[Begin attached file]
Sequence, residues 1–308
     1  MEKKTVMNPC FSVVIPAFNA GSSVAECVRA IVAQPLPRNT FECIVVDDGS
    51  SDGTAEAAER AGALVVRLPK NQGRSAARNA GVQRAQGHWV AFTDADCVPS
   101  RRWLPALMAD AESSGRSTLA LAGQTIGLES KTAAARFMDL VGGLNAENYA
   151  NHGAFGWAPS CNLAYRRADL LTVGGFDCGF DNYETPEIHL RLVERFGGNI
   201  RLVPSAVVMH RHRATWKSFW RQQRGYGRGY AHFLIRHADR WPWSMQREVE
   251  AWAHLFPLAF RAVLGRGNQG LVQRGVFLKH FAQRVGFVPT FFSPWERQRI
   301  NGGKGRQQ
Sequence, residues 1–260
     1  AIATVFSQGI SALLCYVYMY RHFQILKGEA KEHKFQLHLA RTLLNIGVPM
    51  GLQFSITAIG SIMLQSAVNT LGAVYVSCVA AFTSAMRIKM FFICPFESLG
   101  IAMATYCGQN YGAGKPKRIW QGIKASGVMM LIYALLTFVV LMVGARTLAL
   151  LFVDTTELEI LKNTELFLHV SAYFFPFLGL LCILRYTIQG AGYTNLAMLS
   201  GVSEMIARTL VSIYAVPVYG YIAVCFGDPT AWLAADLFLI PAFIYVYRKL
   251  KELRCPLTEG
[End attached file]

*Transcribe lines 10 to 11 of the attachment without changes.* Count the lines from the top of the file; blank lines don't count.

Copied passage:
     1  AIATVFSQGI SALLCYVYMY RHFQILKGEA KEHKFQLHLA RTLLNIGVPM
    51  GLQFSITAIG SIMLQSAVNT LGAVYVSCVA AFTSAMRIKM FFICPFESLG